Indigenous Landmarks and Spaces in Edmonton

By Mackenzie Brown

Amiskwaciy Waskahikan, also known as Edmonton, is home to many breathtaking Indigenous landmarks and spaces. Connect with the city's past, present and future while taking in everything from outdoor art installations to beautiful serene gardens.


For more Indigenous experiences and attractions in Edmonton, check out our guide here.

Turtle Rock Effigy labyrinth

Located in Louise McKinney Riverfront Park, east of the Edmonton Convention Centre and south of the main parking lot, you will find the Turtle Effigy. This effigy/labyrinth was created in 2010 by Lea Dorion as part of The Works Art and Design Festival. You are meant to enter the labyrinth thinking of a problem. As you walk through the labyrinth, the twists and turns will guide you through thought so that when you step out, you will have come to a conclusion. The Turtle Effigy is a marriage of the traditional Indigenous turtle symbol and Celtic labyrinths. Lea Dorion did this to mirror the relationship between Canada’s Indigenous Peoples and European settlers.


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Rossdale Burial Site

The Rossdale Cemetery is a memorial that was built to remember the traditional burial grounds located in the Rossdale Flats area. For thousands of years, this area was a gathering site for many Indigenous peoples, primarily the Cree, Blackfoot, Assiniboine, and Métis. The burial grounds used to be part of EPCOR’s powerplant site until remains were discovered and a section of the site was blocked off. The City of Edmonton, EPCOR, descendants of the traditional bands of this area and other community members came together to design and create the memorial. The site is a historic cemetery and burial ground protected by law. On August 2006, the remains found were reburied during a special ceremony, and the memorial was officially opened.


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Community Medicine Wheel Garden

Located to the west of the Edmonton Convention Centre, behind the old Edmonton Visitor Information Centre, you will find the Community Medicine Wheel Garden. This garden is located on the rooftop of the Riverview Room and provides stunning views of the gorgeous river valley. The garden itself is in the shape of a medicine wheel, a symbol that honours all four directions, medicines, cycles of life and animals. The garden was created in guidance with local Cree Elder Francis Whiskeyjack. The garden is filled with dozens of plants indigenous to the area, and medicines that the Indigenous peoples often used in food, for healing, and for ceremony.

Gardens such as this one are traditionally considered sacred spaces and this particular garden was created as a place intended for people to meet, share and connect.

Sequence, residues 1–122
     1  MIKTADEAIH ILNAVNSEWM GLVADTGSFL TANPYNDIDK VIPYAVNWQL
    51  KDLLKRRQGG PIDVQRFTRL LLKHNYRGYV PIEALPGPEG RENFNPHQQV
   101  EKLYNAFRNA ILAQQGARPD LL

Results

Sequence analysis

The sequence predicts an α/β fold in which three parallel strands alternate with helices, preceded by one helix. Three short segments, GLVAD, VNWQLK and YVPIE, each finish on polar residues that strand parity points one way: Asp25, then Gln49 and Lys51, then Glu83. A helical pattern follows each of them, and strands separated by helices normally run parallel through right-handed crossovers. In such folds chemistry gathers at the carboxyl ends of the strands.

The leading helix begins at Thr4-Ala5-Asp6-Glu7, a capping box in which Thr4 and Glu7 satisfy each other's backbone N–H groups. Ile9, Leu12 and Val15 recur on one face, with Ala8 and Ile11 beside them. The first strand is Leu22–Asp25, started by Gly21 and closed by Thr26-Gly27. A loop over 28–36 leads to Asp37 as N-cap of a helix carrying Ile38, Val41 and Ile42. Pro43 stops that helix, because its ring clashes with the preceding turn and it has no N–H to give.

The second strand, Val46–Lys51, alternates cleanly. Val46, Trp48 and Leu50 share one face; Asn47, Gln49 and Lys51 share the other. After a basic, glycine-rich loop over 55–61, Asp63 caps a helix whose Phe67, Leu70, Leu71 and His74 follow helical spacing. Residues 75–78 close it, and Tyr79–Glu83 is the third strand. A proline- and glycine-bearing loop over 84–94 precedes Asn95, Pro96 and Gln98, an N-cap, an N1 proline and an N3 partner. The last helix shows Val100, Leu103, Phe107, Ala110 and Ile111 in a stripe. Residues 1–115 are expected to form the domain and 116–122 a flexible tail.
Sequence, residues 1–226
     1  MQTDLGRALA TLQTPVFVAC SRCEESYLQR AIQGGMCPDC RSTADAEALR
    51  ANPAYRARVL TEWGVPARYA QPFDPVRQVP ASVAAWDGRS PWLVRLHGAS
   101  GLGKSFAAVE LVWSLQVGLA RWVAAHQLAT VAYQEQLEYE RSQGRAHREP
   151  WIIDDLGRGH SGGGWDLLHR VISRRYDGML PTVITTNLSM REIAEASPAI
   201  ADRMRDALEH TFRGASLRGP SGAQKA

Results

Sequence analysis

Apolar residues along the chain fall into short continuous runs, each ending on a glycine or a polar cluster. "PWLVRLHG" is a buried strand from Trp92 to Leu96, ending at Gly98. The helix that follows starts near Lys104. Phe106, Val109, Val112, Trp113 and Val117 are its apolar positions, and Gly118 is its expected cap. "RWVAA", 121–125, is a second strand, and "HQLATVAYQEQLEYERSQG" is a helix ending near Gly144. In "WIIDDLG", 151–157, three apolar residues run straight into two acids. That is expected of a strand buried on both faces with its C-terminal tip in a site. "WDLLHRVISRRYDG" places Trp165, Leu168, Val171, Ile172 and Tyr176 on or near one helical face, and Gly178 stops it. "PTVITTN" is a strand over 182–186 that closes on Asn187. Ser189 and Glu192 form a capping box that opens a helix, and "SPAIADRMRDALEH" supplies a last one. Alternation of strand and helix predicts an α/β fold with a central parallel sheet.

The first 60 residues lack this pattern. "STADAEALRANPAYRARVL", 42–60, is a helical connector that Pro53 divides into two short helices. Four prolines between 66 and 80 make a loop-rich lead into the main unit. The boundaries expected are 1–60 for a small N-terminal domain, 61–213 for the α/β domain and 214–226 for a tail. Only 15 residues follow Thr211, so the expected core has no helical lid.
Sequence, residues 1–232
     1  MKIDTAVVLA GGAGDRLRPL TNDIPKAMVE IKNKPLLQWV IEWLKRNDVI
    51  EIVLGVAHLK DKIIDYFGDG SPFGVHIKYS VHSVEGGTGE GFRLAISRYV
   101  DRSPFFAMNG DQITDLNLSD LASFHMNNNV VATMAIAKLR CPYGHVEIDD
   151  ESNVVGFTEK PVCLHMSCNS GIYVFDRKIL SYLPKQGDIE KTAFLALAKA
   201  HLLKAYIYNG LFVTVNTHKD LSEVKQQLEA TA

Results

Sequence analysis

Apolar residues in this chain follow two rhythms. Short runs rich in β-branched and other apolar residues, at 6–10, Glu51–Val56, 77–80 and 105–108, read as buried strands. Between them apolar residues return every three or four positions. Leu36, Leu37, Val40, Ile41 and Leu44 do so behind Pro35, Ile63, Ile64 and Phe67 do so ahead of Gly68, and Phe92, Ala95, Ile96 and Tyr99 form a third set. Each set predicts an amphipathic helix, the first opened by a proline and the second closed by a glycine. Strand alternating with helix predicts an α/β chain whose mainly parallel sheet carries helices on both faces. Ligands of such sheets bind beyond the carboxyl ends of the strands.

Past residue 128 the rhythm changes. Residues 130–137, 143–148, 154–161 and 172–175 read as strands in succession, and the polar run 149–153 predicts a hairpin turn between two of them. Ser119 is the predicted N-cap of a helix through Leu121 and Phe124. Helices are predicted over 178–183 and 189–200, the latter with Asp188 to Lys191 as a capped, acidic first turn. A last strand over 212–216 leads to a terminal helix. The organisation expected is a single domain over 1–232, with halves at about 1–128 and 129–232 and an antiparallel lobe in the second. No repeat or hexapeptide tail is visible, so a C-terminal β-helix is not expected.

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ᐄᓃᐤ (ÎNÎW) River Lot 11∞

This park was created in partnership with the City of Edmonton, Confederacy of Treaty No. 6 First Nations, Métis Nation of Alberta, the Edmonton Arts Council and Indigenous artists. In this beautiful park, you will find six art installations, created by Indigenous artists who were asked to create pieces “inspired by this land”. Check out our guide to Exploring ᐄᓃᐤ (ÎNÎW) River Lot 11∞ for more information!


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Amiskwaskahegan Beaver Hills House Park

On the northeast corner of Jasper Avenue and 105 Street, you will find a cute little park nestled in downtown Edmonton. When you first come into the park, you will notice hand prints along the ground. These handprints create a walk of honour, a tribute to Indigenous success, called the Aboriginal Walk of Honour. It recognizes Indigenous effort and hard work of Indigenous peoples bringing new understanding, language, traditions and culture in Canada.

This park gives homage to Edmonton’s traditional name- Amiskwaciy Waskahikan, meaning Beaver Hills House. Edmonton was named this long before the arrival of settlers. It was given this name for the large hills you see when standing on the southern bank of the North Saskatchewan River, where the legislature grounds now sit. In the park, you will find beautiful water elements, and a little Amisk (beaver) near the waterfall to say hi to!


About the Author

Mackenzie Brown is First Nations Cree from Sturgeon Lake Cree Nation, currently residing in Amiskwaciwaskahikan, Edmonton. She is a performer, drummer, tourism entrepreneur, philanthropist and advocate for at-risk youth in the Edmonton area. Mackenzie and her mom perform as “Warrior Women”. They drum and teach around Alberta for the Northern Alberta Teachers Conference, the annual Jasper Dark Skies Festival, Youth Dream Catchers Conference, Canada Day, Aboriginal Day festivities and more. Along with drumming, Mackenzie is also an avid acrylic artist and traditional First Nations crafts artisan. Her art has been featured in the Pump House Gallery, the Edson Gallery Museum, the Gray Gallery Grant MacEwan, recognized for the Alberta Indian Arts and Crafts Award of 2017, featured for the Alberta Business Competition 2017 and sold to people travelling world wide at Jasper Park Lodge. She is also the recent recipient of the 2019 Esquao Award for Children's Future.